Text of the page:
BETHESDA, Md--Hoping to resolve one of cancer care's ongoing controversies, the National Cancer Institute is launching the first large national study of high-dose chemotherapy for advanced ovarian cancer, to be conducted at dozens of medical centers affiliated with the Gynecologic Oncology Group and other cooperative groups supported by NCI.
The randomized study will enroll 275 women with stage III ovarian cancer who still show evidence of disease after surgery and one course of chemotherapy.
One group will receive a three-drug combination--carboplatin (Paraplatin), mitoxantrone(Drug information on mitoxantrone) (Novantrone), and cyclophosphamide(Drug information on cyclophosphamide)--and autologous bone marrow transplantation.
The second group will receive paclitaxel(Drug information on paclitaxel) (Taxol) and carboplatin(Drug information on carboplatin), the drug combination now considered the optimal therapy for stage III ovarian cancer. Endpoints will be overall survival and progression-free survival. Researchers will also seek to measure differences in quality of life, including both physical and psychological well-being.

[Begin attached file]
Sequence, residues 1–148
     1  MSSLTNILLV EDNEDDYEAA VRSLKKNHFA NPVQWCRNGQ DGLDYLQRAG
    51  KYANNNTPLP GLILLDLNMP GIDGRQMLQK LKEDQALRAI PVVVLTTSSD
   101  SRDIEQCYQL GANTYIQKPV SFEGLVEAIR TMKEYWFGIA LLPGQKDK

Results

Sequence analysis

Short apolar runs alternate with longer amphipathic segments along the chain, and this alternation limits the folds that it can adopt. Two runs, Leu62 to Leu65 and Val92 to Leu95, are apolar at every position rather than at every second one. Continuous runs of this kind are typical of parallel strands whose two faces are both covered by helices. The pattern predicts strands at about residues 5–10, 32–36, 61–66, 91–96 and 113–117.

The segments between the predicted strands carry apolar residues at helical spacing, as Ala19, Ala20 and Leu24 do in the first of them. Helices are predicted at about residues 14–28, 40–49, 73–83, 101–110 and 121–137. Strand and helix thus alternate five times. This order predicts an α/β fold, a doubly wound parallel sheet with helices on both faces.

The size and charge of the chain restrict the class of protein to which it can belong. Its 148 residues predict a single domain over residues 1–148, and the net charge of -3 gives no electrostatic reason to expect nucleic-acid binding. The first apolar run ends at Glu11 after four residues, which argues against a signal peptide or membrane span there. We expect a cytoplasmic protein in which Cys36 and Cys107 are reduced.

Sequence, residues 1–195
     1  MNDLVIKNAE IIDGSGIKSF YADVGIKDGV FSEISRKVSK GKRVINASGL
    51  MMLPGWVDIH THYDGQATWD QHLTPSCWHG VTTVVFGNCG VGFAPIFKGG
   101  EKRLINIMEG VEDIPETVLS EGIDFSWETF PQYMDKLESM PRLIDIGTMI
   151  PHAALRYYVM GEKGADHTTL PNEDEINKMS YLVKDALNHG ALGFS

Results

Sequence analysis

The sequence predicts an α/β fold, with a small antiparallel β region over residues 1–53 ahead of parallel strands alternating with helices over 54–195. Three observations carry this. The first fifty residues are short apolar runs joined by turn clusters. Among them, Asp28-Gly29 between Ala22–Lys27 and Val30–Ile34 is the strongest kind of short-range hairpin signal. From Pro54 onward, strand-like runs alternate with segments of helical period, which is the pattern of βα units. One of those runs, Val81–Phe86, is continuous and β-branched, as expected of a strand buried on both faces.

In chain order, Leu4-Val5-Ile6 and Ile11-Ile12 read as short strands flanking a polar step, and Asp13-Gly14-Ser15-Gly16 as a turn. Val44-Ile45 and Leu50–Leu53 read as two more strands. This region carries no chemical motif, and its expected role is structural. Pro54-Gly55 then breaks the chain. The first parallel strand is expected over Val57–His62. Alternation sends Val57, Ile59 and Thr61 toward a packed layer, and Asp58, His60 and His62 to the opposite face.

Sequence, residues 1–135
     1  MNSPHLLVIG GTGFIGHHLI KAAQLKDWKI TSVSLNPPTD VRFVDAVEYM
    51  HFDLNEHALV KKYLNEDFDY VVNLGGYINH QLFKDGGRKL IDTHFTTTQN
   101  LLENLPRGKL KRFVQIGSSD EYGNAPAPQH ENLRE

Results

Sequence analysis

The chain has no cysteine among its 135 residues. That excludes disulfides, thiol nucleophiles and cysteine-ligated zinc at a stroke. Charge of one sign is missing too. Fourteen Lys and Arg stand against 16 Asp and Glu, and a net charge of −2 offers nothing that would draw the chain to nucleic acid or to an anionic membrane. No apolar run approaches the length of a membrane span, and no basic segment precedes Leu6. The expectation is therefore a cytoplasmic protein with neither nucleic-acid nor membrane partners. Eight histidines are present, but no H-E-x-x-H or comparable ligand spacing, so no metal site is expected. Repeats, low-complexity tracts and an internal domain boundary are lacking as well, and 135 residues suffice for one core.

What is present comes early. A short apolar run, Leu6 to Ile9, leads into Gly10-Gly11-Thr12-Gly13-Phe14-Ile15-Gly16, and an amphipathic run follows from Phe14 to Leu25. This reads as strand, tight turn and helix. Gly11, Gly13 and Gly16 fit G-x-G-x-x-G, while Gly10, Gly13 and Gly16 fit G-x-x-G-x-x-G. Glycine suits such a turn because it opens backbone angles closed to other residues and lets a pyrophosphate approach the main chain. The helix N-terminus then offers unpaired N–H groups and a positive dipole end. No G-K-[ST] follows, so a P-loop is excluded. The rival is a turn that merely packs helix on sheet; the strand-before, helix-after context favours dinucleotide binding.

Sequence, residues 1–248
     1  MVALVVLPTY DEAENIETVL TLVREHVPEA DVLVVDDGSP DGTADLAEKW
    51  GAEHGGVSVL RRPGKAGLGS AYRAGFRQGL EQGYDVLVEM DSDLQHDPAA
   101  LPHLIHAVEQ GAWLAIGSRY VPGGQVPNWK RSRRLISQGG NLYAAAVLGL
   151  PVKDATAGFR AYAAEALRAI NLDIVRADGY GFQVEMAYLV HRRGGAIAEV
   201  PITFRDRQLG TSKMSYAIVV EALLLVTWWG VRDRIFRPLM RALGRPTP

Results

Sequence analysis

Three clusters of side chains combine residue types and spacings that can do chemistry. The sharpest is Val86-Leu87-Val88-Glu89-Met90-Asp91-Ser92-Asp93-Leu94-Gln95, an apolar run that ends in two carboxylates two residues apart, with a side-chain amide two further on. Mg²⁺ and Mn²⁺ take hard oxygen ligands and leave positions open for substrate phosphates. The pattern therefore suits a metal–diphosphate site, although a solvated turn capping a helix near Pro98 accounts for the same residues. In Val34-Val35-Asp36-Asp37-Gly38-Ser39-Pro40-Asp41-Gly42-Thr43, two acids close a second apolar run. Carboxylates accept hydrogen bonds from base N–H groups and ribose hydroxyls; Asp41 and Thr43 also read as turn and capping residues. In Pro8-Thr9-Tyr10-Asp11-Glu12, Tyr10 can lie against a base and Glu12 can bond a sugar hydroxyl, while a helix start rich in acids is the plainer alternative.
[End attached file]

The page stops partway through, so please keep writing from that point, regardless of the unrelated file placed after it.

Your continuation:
"This trial should help resolve the debate over whether high-dose chemotherapy is more, equally, or less effective, compared to conventional chemotherapy," said Edward L. Tremble, MD, of NCI's Clinical Investigations Branch, Division of Cancer Treatment, Diagnosis, and Centers.